stack pointer.  Whenever an OptimizedMethod that specifies a non-empty raw
stack is activated the initial contents are undefined and the stack pointer
is 0 (1 relative), i.e. there is no support for floating-point arguments.
 It is assumed that in-lining will reduce the demand for floating-point
parameter passing enough for it to be lived without.

A set of in-line primitives can access the raw stack as IEEE floating-point
data, moving values between the raw stack and the pointer stack or object
fields.  The primitive set would be extended to support unboxed access to
fields in pointer instances if and when required.  On Smalltalks with
different sized floating-point classes (VisualWorks supports 32-bit Float
and 64-bit Double) the primitive set may provide access to each float size.
 Here we sketch only a set for 64-bit Double floating-point values.  If the
set handles multiple sizes of data, each slot can hold only one instance of
a small value.

The set of raw stack primitives are stack based because it is much easier to
map a stack-based addressing scheme with a finite sized stack onto a
register set than it is to map a register-based scheme onto a stack, and the
infamous x86 floating-point processor, which is stack-based, is likely to
remain an important target for users of this system.

The raw stack could also be used to optimize integer arithmetic, supporting
arithmetic on untagged 8, 16, 32 and 64-bit widths as in Java.  Rather than
waste time specifying this I'll leave open the possibility of adding a set
of bytecodes to allow 64-bit arithmetic and conversion to and from tagged
and boxed SmallIntegers and LargeIntegers on the normal stack.

The paragraph about the x86 FPU is way out of date.  So imagine that the
bytecode to machine code compiler maps some portion of the raw data stack
onto the mmx registers.  Either it or the bytecode to bytecode compiler can
do a usage frequency analysis to arrange that the most frequently used stack
slots get mapped to the registers.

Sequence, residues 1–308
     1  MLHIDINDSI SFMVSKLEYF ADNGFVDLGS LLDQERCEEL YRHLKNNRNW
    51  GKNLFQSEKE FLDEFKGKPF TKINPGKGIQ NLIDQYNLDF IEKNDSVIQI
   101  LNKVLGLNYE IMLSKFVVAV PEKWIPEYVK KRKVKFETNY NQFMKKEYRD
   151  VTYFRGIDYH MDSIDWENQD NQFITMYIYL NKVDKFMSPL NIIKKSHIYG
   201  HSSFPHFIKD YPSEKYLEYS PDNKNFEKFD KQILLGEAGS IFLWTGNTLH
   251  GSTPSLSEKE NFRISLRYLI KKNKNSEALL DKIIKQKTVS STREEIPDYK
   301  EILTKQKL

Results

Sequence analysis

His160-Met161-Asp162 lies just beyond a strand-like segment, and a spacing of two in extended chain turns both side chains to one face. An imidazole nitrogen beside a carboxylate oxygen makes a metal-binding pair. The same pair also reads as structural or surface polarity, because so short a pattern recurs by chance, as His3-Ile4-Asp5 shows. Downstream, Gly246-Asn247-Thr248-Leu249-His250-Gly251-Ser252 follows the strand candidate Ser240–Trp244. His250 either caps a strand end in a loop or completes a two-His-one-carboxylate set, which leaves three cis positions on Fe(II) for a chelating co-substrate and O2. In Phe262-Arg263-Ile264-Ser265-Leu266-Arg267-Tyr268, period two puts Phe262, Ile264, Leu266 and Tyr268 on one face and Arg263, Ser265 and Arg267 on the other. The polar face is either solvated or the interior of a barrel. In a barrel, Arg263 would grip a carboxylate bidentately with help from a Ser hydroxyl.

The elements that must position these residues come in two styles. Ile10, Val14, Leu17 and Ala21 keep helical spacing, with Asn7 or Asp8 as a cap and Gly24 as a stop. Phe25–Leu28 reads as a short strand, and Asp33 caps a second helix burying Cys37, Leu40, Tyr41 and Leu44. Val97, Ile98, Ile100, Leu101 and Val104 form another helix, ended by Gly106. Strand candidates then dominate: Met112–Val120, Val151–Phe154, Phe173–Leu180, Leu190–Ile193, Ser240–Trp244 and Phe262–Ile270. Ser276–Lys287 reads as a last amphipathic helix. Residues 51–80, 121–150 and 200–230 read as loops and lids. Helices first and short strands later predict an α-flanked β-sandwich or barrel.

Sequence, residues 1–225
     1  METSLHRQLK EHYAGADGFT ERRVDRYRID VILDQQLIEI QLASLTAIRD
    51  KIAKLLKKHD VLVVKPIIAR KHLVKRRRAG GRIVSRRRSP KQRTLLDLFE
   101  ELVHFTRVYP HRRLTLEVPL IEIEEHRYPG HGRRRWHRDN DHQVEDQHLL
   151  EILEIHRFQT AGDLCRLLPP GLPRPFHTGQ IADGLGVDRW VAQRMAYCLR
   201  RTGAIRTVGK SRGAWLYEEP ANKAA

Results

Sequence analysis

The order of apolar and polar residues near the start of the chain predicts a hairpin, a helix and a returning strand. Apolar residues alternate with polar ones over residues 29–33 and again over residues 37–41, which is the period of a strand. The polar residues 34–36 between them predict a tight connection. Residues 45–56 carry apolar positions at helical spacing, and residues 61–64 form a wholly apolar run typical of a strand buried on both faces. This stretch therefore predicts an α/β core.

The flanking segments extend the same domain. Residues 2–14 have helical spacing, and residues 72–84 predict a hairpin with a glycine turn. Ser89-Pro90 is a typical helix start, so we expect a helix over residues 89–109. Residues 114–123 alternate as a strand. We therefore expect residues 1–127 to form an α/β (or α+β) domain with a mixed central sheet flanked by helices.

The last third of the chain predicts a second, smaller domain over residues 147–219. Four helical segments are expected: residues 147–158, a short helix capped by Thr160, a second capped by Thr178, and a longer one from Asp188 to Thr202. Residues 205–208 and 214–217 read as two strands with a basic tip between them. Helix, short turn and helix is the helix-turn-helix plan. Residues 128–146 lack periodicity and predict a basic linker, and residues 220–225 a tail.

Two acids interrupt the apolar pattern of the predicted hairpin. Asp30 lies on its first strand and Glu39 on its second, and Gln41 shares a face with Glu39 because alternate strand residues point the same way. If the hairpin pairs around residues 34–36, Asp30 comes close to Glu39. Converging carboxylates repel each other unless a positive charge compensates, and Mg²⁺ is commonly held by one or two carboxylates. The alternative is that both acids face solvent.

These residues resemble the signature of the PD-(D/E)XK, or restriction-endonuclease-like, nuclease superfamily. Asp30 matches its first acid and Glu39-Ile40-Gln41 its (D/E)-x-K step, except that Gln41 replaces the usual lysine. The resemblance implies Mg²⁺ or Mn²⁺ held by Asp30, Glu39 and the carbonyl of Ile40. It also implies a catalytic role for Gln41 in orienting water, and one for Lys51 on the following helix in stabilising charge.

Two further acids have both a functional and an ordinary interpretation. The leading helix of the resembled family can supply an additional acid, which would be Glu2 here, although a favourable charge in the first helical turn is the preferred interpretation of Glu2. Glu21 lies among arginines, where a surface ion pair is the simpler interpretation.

If this can work then yes, plugins could become a thing of the past.
 However, I doubt very much that Qwaq will fund me to do this.  Right now
with a Squeak VM that is 10 to 20 times slower than VisualWorks' VM Qwaq
Forums spends roughly 2/3rds of its time executing Smalltalk.  The bulk of
the rest of the time is in OpenGL.  The Cog JIT I'm working on now should be
able to reach ViaualWorks VM speeds and hence the 66.6% should become no
more than, say, 6% of entire execution time, with say 90% of the time in

A second stage JIT doing adaptive optimization/speculative inlining could
probably improve performance by another factor of three.  But that would
produce only a 4% improvement in Qwaq Forums performance.  Yes, it might
allow Qwaq to rewrite all their C plugin code in Smalltalk and get the same
performance from the Smalltalk code that would then be easier to maintain
and enhance etc.  But where is the return on investment (ROI)?

The system would not be measurably faster for Qwaq Forums.  The
maintainability/extensibility benefits are intangible and hard to sell to
investors.  Hence I don't see Qwaq funding this, and it it was my call and
my money I'd probably make the same decision.  However, we haven't even
begun to discuss this inside Qwaq so you never know.

-------------- next part --------------
An HTML attachment was scrubbed...
URL: http://lists.squeakfoundation.org/pipermail/squeak-dev/attachments/20081218/5e0efce9/attachment.htm

More information about the Squeak-dev mailing list